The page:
Israel declares war, bombs Gaza and struggles to dislodge Hamas fighters after surprise attack

Rate this post

The Israeli government formally declared war and gave the green light to “significant military measures” to retaliate against Hamas for its surprise attack, as the army worked into Monday to crush fighters still in southern cities and intensified their attacks. bombing of the Gaza Strip. The number of victims exceeded 1,100 dead and thousands injured on both sides.

More than 40 hours after Hamas will launch its unprecedented incursion Outside Gaza, Israeli forces were still fighting with militants hiding in several locations. At least 700 people have reportedly been killed in Israel (a staggering number on a scale the country has not experienced in decades) and more than 400 have been killed in Gaza.

Israel said it brought in special forces to try to wrest control of four Israeli sites from Hamas fighters, including two kibbutzim that the militants entered earlier in their attacks. Footage released by Israeli police from one area showed forces kneeling in tall grass as they exchanged fire with Hamas militants in an open field.

The declaration of war foreshadowed greater fighting to come, and a major question was whether Israel would launch a ground attack on Gaza, a move that has led to intensifying casualties in the past.

Meanwhile, Hamas and the smaller Islamic Jihad group claimed to have taken more than 130 people captive from inside Israel and brought them to Gaza, saying they would be exchanged for the release of thousands of Palestinians imprisoned by Israel. The announcement, although unconfirmed, was the first sign of the extent of the abductions.

The captives are known to include soldiers and civilians, including women, children and the elderly, mostly Israelis, but also some people of other nationalities. The Israeli army simply said that the number of captives is "significant."

The Israeli military estimated that 1,000 Hamas fighters took part in Saturday's initial raid. The high figure underscores the extent of planning by the militant group that rules Gaza, which has said it launched the attack in response to growing Palestinian suffering under Israel's occupation and blockade of Gaza.

The gunmen rampaged for hours, gunning down civilians and kidnapping people in towns, on roads and at a techno music festival attended by thousands of people in the desert. The Zaka rescue service said it had removed about 260 bodies from the festival and that number was expected to rise. It was unclear how many of those bodies were already included in Israel's death toll.

In response, Israel has struck more than 800 targets in Gaza so far, its military said, including airstrikes that leveled much of the city of Beit Hanoun in the northeast corner of the enclave.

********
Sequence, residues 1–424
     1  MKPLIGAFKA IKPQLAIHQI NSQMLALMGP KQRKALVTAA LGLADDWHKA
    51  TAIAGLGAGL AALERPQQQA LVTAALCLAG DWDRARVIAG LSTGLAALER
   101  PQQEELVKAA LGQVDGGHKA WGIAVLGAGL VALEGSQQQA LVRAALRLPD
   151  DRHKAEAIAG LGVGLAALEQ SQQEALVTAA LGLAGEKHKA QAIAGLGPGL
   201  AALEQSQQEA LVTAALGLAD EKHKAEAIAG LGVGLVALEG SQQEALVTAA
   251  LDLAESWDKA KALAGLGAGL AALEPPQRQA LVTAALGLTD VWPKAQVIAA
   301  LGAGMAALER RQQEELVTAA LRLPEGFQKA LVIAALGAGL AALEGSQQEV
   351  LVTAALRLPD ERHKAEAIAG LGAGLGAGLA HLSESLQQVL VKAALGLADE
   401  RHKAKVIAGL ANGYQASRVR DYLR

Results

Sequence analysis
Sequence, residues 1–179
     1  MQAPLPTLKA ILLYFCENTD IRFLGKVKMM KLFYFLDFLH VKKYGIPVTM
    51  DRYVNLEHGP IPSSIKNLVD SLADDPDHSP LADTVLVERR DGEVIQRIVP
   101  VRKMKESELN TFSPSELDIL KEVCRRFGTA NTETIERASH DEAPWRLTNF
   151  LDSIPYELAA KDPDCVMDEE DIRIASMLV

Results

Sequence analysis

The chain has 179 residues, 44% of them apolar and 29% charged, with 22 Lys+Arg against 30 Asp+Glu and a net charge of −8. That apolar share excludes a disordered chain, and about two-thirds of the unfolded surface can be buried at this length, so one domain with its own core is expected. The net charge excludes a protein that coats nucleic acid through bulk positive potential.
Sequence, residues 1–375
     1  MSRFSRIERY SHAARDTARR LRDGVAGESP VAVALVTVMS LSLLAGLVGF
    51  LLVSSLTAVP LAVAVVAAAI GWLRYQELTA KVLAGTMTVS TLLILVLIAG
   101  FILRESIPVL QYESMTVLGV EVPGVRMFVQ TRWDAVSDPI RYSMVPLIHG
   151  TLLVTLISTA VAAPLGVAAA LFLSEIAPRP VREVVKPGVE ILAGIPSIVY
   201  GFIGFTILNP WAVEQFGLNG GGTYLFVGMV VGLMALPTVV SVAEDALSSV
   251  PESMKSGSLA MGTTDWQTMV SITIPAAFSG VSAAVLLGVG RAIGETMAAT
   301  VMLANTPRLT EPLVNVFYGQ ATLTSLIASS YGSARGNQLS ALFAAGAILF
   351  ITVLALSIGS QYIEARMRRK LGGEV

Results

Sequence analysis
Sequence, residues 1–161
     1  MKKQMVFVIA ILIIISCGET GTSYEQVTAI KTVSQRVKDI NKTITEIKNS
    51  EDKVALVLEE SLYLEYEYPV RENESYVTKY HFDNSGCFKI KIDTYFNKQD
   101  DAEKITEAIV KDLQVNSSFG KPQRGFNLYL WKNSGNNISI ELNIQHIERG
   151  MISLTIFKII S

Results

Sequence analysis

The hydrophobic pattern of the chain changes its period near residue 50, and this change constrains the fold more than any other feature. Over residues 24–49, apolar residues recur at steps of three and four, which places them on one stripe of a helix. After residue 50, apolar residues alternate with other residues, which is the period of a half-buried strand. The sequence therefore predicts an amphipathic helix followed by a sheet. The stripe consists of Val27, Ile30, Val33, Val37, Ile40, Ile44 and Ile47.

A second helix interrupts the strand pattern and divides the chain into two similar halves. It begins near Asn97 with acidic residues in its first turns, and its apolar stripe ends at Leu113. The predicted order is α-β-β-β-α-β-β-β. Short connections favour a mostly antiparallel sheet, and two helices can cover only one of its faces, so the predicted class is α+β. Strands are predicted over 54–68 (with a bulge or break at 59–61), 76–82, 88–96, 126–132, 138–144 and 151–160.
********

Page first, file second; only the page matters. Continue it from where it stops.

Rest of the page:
Israeli Rear Admiral Daniel Hagari told reporters that Hamas was using the city as a staging ground for attacks. There was no immediate word on casualties and most of the community's population, tens of thousands strong, likely fled beforehand.

"We will continue to attack in this way, with this force, continuously, on all assembly (places) and routes" used by Hamas, Hagari said.

Civilians on both sides were already paying a heavy price. The Israeli army was evacuating at least five cities near Gaza.

A line of people snaked outside a central Israeli police station to provide DNA samples and other means that could help identify missing relatives.

Mayyan Zin, a divorced mother of two, said she learned that her two daughters had been kidnapped when a relative sent her photos from a Telegram group showing them sitting on mattresses in captivity. Then she found online videos of a chilling scene at her ex-husband's home in the town of Nahal Oz: Armed men who had broken in spoke to her, her leg bleeding, in the living room near the two terrified and crying daughters, Dafna. , 15 years old. and Ella, 8 years old. Another video showed her father being taken across the border into Gaza.

“Just bring my daughters home and their family. All the people,” Zin said.

In Gaza, a small enclave of 2.3 million people isolated by an Egyptian-Israeli blockade for 16 years since Hamas took power, residents feared further escalation. Israeli strikes demolished some residential buildings.

Nasser Abu Quta said 19 members of his family, including his wife, were killed when an airstrike hit their home, where they were huddled on the ground floor in the southern Gaza city of Rafah.

He insisted that there were no militants in his building. "This is a safe house, with children and women," Abu Quta, 57, said by phone. The Israeli military did not immediately respond to a request for comment on the attack. Another attack in the same city early Monday killed 11 people, including women and children.

As of Sunday night, retaliatory Israeli airstrikes had destroyed 159 housing units across Gaza and severely damaged another 1,210, the UN said. He said the number of displaced Gazans had risen by tens of thousands, to more than 123,000. The U.N. agency for Palestinian refugees, UNRWA, said a school housing more than 225 people suffered a direct hit. He did not say where the fire came from.